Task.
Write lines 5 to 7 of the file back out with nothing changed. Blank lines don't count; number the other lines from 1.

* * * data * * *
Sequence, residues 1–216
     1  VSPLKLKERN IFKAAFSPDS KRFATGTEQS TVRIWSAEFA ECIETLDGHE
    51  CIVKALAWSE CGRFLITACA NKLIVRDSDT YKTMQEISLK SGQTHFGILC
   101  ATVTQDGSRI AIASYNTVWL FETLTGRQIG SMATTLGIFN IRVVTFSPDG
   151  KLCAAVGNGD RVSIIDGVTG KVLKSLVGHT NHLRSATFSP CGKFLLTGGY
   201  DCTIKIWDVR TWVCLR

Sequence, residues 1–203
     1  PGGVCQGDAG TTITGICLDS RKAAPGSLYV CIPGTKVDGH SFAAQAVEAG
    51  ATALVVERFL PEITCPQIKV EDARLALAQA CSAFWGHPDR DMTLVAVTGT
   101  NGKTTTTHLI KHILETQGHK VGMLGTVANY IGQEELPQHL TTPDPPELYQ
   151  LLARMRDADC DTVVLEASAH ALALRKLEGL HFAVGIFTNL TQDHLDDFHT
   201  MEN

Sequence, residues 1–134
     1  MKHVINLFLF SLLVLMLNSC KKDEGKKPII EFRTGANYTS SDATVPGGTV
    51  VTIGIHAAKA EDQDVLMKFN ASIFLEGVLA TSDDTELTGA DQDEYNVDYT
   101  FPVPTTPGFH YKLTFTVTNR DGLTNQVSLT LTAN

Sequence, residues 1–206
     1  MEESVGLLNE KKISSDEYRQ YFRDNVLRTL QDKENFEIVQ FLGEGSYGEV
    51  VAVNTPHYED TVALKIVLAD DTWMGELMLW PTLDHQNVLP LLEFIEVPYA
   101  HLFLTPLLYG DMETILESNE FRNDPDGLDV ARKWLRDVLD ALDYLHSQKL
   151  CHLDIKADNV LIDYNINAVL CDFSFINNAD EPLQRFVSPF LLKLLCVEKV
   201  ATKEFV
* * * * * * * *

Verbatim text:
   151  KLCAAVGNGD RVSIIDGVTG KVLKSLVGHT NHLRSATFSP CGKFLLTGGY
   201  DCTIKIWDVR TWVCLR

Sequence, residues 1–203